What Diagnostic Tests Your Pet Needs and When

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Pet owners everywhere want their pets to live a long and happy life. Taking the pet to the vet for regular checkups is one of the best ways to achieve this goal. However, for a vet to gain a better understanding of the pet’s health, he or she will need to perform diagnostic tests.


As is the case with human beings, the pets’ outward appearance may not necessarily reveal what is happening inside. However, proper diagnostic tests can help the vet detect and treat a condition before it gets worse. Some of the diagnostic tests your pet needs include:




Fluid Analysis



As the name suggests, a vet takes the pet’s fluids through a series of tests. The fluids, in this case, include joint fluid, urine, and others but exclude the blood. The condition of the fluids can give vital information on the health of the pet. A vet may want to conduct this test to check the protein levels, cell count, color, and clarity of the fluid in question. Vets go for this test when they discover fluid accumulating at a place in the body that it should otherwise not.




Cytology



For this test, a pathologist studies the origin, structure, function, and death of cells in a pet. He or she collects fluid or tissue samples, prepares slides, and observes them on a microscope. Vets can request this diagnostic test if they want to check for cancer in a tumor. They might also do the test to determine if there are infectious agents in the pets. It is possible to also identify microorganisms using cytology.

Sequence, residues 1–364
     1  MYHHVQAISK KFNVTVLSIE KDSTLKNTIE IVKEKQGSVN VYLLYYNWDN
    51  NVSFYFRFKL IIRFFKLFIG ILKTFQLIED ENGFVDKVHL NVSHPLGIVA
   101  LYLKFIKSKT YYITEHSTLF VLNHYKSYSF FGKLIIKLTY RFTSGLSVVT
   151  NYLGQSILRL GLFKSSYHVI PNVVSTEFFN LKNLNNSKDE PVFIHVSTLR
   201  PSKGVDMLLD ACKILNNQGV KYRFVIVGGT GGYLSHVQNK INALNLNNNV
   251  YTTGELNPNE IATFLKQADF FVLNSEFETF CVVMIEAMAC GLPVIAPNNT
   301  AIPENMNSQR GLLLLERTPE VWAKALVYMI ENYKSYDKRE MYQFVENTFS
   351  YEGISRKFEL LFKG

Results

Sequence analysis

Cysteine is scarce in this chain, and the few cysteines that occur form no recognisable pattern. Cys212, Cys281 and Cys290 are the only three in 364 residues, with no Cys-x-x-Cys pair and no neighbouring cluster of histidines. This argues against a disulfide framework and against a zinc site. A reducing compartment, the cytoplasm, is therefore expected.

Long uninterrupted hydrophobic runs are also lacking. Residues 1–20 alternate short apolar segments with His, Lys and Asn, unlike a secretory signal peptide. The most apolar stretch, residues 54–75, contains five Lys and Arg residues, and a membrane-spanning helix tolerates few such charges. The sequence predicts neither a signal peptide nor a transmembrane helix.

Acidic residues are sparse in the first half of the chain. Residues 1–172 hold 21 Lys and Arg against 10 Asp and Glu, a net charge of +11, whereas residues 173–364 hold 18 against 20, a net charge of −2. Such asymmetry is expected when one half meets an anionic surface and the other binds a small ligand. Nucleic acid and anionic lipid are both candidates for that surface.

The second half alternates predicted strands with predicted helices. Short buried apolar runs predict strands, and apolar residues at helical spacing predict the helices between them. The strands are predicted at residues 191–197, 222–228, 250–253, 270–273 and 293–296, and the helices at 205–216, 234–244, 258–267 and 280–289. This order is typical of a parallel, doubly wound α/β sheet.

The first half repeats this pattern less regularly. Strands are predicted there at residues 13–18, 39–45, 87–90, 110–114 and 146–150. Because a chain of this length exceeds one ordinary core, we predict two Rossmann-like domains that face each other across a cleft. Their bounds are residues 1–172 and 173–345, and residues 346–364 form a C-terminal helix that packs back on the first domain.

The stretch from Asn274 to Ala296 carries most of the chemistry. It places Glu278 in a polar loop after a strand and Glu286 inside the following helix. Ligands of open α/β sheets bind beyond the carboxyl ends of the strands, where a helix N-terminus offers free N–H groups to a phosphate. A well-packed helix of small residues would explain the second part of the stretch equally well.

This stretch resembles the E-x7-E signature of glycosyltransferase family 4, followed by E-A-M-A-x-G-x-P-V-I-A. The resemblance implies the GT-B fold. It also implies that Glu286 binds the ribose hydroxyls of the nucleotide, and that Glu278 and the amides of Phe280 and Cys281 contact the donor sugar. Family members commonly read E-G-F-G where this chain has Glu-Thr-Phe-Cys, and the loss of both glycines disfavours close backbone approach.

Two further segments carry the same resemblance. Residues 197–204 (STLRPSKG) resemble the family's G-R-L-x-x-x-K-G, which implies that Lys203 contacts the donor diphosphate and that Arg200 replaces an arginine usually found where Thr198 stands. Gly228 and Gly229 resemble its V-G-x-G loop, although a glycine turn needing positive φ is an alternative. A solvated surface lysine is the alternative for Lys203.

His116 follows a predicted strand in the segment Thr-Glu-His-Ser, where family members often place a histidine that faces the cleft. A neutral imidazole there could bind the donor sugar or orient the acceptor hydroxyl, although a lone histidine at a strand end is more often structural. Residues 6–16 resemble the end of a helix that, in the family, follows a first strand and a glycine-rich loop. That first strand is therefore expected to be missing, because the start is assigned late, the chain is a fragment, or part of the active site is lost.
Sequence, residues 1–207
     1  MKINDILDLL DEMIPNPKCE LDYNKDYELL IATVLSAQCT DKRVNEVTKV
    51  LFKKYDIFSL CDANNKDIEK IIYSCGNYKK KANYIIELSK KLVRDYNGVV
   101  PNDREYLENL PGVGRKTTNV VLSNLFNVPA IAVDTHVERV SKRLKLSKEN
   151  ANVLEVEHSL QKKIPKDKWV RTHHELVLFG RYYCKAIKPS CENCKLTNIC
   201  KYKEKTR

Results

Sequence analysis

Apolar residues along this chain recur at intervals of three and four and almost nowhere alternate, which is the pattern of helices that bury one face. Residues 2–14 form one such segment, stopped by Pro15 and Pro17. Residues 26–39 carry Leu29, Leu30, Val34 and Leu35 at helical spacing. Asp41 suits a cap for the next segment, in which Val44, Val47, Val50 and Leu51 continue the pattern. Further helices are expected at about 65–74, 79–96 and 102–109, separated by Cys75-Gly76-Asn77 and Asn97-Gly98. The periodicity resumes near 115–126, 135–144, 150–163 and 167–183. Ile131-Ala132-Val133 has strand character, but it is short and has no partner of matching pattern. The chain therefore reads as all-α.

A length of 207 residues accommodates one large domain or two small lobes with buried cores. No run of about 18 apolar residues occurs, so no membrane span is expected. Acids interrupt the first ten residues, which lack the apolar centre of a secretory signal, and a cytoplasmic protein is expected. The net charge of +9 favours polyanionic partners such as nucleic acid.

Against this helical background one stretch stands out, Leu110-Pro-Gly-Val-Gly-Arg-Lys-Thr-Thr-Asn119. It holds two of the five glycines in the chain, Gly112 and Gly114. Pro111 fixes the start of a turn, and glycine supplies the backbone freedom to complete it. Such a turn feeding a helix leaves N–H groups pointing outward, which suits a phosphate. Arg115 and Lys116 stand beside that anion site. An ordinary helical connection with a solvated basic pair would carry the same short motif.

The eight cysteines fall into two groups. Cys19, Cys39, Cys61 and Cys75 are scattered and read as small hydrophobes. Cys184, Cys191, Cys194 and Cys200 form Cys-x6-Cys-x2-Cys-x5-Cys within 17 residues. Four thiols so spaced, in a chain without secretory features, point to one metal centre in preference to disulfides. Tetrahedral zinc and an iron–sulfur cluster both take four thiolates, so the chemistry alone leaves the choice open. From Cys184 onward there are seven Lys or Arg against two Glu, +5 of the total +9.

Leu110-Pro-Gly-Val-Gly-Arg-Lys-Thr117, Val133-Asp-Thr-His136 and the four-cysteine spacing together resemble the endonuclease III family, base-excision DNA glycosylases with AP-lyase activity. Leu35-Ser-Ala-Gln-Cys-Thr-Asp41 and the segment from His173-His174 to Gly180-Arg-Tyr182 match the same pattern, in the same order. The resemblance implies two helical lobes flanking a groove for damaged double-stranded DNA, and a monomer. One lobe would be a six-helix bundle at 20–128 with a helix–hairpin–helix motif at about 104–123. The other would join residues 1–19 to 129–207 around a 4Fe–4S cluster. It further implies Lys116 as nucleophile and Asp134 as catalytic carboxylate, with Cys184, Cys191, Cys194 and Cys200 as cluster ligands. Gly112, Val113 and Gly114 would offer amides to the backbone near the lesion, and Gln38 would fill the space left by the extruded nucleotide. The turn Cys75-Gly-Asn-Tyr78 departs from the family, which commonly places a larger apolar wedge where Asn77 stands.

Clinical Chemistry



Here, a veterinarian takes a sample of the pet’s fluids, usually plasma or serum, and studies its chemical composition. The vet carries out this test to determine if the internal organs are working properly. This test will reveal if a pet is suffering from pancreatitis, diabetes, or other specific disorders. The vet can also use this test to determine if a particular treatment is working.




Hematology



For this test, researchers consider the changes in the blood’s cellular elements when the pet has a disease. The CBC (complete blood count) here determines the types and number of cells in the bloodstream and provides information on clotting, inflammation, and anemia. Vets can require this test on a pet to diagnose infection, anemia, or other blood clotting disorders.




Toxicology



This is the study of poisons and how they affect a pet. A vet will call for this test if he or she suspects the pet has consumed or come into contact with a poison. This test involves analyzing samples for poison identification and determining the extent of damage caused by the poison. For this test, rapid test and identification can save the life of the pet. The vet may ask the pet owner to bring the poisonous substance ingested for proper testing and treatment.




Microbiology



This is the test for viruses, bacteria, fungi, and single-celled organisms. A vet may ask a specialist to conduct this test if he or she suspects a pet has an infection. Some of the tests on the bacteria are used to develop or figure out the antibodies required to eliminate them. The specialist will use the pet’s secretions, fluids, or swabs from abscesses to test the microorganisms.




For more on diagnostic tests for your pets, visit Bridge Park Animal Hospital at our office in Johns Creek, Georgia. You can call (470) 768-8755 to book an appointment today.